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Loe delivers yet again

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Tom Haudricourt
March 8, 2011
— Almost every time Kameron Loe pitches, you see why the Milwaukee Brewers have no intention of moving him back to a starting role.

Loe continued on Monday to pick up where he left off last season, tossing two scoreless innings of relief in the Brewers’ 15-2 exhibition romp over the Cincinnati Reds. In becoming the second reliever to go multiple innings for the Brewers, Loe boosted his total to four scoreless frames with one infield hit.


“Loe was great again,” said manager Ron Roenicke. “He’s got that great (downward) angle going. He’s really keeping the ball down in the zone.”


The 6-foot-8 right-hander was in the starting rotation last year at Class AAA Nashville when the Brewers exercised a clause in his contract by calling him up. Loe became an integral part of the bullpen, posting a 2.78 earned run average over 53 outings while leading the club with 22 “holds” and stranding 24 of 36 inherited runners.


“It was definitely a good change for me,” said Loe, who pitched in Japan the previous year. “I had done it before (with Texas) in ‘05. I relieved most of the year and had success.


“The bullpen fits me, fits my personality. I’m a guy who can get up and go right away. I definitely like the adrenaline rush; I like the pressure situations in the game.”


Using his tall frame to consistently throw downhill and pound the bottom of the strike zone, Loe has become a ground-ball machine. Most hitters look uncomfortable in the box against him, for good reason.


“I was more in control of my body last year, for sure,” Loe said. “I allowed my arm to get on top a little bit more. There were some little adjustments I made, as well as mental adjustments.


“I don’t know if anybody’s pressure-proof. But I have my mental routines that help me cope with pressure. Everybody has fear pop into their head. You just have to have a way to combat it. You have to have a mental routine or things you say to yourself that just helps.”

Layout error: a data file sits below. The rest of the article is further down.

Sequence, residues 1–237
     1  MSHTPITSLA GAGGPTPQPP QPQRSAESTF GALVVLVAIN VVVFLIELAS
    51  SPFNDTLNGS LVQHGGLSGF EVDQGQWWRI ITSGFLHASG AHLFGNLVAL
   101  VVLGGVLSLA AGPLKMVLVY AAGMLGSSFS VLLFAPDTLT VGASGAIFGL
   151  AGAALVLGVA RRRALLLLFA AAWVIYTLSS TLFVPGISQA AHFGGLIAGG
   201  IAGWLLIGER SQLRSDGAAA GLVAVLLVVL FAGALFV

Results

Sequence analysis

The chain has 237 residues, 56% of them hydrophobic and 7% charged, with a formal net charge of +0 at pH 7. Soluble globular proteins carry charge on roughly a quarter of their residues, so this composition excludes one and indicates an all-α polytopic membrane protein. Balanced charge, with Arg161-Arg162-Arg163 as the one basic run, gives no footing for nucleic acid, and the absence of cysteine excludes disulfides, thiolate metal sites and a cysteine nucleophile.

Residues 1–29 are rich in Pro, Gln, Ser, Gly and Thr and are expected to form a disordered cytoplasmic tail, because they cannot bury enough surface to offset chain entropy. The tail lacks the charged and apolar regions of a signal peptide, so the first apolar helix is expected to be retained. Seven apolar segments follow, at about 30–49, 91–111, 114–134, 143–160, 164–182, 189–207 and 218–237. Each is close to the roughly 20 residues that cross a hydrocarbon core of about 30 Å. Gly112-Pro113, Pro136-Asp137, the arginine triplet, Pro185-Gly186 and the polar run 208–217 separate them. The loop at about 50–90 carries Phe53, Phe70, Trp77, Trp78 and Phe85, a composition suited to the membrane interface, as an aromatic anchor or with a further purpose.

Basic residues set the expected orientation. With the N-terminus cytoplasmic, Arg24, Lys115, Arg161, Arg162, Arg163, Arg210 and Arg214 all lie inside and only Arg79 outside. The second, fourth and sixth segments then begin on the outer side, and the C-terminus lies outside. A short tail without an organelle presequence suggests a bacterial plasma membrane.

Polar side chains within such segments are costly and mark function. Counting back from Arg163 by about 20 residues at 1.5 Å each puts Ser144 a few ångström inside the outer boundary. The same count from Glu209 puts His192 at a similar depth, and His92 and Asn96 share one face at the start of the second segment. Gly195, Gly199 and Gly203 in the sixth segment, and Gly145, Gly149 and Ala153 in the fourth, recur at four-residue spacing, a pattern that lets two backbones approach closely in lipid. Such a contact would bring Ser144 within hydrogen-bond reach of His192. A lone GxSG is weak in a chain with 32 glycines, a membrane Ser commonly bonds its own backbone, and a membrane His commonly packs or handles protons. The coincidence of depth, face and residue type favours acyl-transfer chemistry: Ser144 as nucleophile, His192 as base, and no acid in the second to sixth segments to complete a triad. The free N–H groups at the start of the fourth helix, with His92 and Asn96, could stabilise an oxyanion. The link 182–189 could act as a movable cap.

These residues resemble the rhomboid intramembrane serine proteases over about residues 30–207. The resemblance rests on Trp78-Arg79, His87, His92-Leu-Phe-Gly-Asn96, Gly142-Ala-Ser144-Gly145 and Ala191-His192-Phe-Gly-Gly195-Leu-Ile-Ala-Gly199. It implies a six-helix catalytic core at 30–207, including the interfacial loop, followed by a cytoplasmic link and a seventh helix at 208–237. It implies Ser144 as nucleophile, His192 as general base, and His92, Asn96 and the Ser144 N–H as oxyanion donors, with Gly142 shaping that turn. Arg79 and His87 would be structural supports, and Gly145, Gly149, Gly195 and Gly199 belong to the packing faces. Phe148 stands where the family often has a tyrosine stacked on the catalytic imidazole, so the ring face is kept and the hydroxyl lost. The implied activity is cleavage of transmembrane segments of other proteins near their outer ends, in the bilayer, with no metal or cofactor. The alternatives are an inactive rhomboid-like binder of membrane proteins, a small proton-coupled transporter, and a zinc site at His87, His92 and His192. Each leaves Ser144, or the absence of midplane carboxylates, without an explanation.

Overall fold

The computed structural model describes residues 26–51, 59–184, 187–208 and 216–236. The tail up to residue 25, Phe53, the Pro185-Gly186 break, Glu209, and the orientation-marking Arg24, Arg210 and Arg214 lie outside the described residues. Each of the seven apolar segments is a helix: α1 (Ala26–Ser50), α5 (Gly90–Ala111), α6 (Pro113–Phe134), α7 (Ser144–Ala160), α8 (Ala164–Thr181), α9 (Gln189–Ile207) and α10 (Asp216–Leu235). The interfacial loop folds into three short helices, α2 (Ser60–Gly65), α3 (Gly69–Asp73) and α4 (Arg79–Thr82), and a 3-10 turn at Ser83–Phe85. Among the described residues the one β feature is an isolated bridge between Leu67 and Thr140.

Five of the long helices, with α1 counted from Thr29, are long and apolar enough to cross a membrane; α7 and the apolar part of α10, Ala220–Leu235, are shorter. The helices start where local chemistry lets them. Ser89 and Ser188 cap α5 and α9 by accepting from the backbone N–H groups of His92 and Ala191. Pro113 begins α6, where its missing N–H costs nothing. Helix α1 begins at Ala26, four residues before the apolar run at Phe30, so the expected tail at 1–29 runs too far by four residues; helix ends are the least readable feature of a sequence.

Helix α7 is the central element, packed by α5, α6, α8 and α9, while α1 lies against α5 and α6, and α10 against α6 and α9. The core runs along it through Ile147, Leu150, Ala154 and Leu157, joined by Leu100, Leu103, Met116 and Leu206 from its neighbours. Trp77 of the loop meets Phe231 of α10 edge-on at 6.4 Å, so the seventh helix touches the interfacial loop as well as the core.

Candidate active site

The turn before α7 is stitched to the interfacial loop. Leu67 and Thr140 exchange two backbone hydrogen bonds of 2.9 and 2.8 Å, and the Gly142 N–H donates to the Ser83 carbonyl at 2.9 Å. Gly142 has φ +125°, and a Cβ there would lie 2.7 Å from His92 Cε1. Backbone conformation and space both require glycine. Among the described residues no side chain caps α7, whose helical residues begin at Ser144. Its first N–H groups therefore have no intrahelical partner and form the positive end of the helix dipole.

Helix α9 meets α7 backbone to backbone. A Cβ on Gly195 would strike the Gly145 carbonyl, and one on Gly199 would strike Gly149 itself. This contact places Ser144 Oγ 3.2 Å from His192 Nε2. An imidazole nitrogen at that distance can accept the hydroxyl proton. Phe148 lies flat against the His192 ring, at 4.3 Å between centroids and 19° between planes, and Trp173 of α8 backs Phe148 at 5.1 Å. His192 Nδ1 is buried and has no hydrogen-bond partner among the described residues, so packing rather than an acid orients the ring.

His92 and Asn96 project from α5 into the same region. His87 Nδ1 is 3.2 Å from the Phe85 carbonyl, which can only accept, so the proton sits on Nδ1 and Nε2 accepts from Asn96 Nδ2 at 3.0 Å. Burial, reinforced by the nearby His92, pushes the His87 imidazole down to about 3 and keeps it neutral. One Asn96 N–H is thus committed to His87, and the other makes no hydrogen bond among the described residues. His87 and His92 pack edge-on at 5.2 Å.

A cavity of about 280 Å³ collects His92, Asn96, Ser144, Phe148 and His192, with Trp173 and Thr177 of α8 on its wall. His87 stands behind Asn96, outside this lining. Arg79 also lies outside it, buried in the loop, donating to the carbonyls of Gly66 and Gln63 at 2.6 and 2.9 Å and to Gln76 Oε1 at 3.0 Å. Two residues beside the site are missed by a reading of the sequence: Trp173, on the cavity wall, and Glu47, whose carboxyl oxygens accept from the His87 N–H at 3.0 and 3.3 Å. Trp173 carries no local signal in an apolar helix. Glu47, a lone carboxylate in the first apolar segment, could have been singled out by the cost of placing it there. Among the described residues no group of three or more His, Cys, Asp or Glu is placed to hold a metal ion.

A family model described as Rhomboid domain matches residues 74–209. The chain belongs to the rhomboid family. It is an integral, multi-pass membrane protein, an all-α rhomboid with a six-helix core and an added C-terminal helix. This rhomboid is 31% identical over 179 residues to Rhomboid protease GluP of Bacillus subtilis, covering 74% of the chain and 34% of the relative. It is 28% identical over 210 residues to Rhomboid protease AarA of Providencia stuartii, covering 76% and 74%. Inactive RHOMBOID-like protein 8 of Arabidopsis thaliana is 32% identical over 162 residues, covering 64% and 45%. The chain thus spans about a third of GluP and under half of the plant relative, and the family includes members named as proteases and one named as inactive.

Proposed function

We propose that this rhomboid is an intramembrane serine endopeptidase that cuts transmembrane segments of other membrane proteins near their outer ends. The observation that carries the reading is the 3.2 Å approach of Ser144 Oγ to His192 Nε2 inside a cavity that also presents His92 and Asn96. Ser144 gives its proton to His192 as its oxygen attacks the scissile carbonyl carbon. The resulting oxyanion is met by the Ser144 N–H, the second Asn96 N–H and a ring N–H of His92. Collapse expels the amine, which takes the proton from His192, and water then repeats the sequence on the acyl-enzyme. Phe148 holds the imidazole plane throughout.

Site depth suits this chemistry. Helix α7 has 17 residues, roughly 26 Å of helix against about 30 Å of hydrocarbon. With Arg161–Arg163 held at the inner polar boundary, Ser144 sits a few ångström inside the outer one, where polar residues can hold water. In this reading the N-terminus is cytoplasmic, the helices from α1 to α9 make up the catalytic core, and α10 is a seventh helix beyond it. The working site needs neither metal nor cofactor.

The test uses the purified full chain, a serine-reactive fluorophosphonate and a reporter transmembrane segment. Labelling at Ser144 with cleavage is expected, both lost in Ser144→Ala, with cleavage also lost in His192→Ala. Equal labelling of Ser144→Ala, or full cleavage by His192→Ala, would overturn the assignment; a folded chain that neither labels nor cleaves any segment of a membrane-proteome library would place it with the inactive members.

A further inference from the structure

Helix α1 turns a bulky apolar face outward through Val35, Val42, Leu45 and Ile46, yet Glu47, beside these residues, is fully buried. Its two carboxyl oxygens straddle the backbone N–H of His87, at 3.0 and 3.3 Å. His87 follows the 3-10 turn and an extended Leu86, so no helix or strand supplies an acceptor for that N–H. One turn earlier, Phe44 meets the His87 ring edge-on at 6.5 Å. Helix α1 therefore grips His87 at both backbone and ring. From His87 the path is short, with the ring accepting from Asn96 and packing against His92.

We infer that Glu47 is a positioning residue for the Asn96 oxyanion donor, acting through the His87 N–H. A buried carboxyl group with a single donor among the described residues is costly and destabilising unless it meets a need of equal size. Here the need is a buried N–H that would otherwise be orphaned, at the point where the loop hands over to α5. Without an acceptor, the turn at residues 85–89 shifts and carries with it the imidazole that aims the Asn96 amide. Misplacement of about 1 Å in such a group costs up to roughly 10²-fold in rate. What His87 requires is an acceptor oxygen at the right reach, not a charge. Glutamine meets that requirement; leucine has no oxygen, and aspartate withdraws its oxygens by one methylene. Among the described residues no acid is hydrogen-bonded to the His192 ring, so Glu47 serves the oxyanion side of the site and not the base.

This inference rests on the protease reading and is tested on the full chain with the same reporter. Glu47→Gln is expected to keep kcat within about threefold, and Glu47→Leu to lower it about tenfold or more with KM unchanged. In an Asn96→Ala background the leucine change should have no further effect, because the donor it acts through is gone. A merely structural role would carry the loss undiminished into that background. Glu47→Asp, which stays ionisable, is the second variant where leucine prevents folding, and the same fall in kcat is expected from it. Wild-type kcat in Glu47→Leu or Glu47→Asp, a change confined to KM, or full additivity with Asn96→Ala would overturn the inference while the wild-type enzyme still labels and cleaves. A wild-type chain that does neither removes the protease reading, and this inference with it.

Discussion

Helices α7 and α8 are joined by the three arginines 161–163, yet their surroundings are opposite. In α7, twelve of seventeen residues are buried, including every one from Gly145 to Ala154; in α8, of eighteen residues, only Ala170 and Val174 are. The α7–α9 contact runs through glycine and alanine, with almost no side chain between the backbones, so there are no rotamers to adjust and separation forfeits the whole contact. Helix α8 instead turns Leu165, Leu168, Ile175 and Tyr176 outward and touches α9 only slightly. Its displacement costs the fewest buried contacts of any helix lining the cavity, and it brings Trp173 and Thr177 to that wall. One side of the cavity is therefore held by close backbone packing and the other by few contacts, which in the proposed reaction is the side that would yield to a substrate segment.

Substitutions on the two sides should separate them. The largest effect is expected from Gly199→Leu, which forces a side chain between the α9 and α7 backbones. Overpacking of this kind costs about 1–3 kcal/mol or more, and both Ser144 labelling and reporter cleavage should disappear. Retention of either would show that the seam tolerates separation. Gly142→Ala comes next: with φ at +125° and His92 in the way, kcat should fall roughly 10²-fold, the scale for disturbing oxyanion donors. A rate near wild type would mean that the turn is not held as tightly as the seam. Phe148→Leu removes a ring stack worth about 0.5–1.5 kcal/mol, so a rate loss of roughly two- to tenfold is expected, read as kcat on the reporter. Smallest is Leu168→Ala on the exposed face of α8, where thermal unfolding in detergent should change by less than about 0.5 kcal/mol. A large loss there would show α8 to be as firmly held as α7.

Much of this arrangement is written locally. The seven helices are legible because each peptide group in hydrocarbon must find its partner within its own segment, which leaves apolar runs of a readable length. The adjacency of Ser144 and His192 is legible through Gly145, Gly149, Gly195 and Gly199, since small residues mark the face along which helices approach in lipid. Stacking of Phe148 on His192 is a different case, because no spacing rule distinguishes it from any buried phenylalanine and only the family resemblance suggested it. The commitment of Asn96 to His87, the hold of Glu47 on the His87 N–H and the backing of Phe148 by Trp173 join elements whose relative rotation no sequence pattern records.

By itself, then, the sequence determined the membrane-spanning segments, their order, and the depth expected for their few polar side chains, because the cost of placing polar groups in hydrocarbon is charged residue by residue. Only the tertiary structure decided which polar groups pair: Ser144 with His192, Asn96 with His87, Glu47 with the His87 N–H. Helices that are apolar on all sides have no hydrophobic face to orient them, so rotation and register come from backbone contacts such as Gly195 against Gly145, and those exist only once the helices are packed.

Loe said he also has benefited from working with a “mental strength coach,” Dave Austin.


“He teaches me how to think to myself and talk to myself,” said Loe. “He also takes me through visualizations.”


In peak form


Right-hander Yovani Gallardo certainly looked like a No. 1 starter against the Reds, tossing three shutout innings. He allowed two hits and no walks while logging five strikeouts.


“That’s as good as it gets,” said Roenicke. “That was impressive. He had great stuff, great location. Everything he wanted to do, he was able to do.”


On a very windy day in which fly balls got a significant boost, Gallardo was much sharper than his first time out, when he wasn’t excited about his pitch location.


“I had good fastball command on both sides of the plate,” he said. “I was able to go up in the strike zone when I needed to. Everything was working pretty good.


“I try to pitch the way I do during the season, with pitch sequences and location. My first start, my command was a little off. Today, it was much better. I just want to keep moving forward and make it better each time out.”


Making impressions


While preparing his team for the big-league season, Roenicke also is keeping an eye on the minor-league prospects in camp. He has been impressed with what he has seen from outfielders Caleb Gindl and Logan Schafer, who are in their first big-league camps.


“Gindl, in all areas of the game, I like,” said Roenicke. “We’re facing some big-league pitchers that some of our guys aren’t looking good against and he comes in—I don’t care if it’s left-handers or right-handers—he hangs in there and sees the ball real good.


“He’s got a nice swing. He drives the ball. And he’s a good outfielder. He’s got good range out there. I really like what I’ve seen from him.”


Schafer missed most of last season with a groin tear/hernia and broken foot, but Roenicke said you’d never know it by the way he has played in the field.


“Schafer, defensively, he’s really good,” said Roenicke. “Offensively, he’s had some nice at-bats and getting some hits, but I haven’t seen him enough to get a good feel for him.


“Defensively, I really like him. He’s really confident. When the ball is hit, he’s moving. And he knows exactly where the ball is coming down.”


Auditioning


The Brewers want at least one right-handed hitter on their bench. While infielder Luis Cruz remains a leading candidate, journeyman minor-leaguer Erick Almonte also is under consideration, according to Roenicke. Almonte came up as a shortstop but is mostly a first baseman/corner outfielder now.


Almonte didn’t hurt his chances by going 4 for 5 against the Reds with two RBI. He is batting .360 for the spring with two home runs and six RBIs.


“Our minor-league people really like him,” said Roenicke. “He’s a professional hitter who gives you that good at-bat. There aren’t that many around who can sit for a while and pinch-hit maybe every three days. He’s one of those guys who can do that.


“We’ve got that spot to fill and he needs to be a right-handed hitter. So he’s got a chance to be that guy.”



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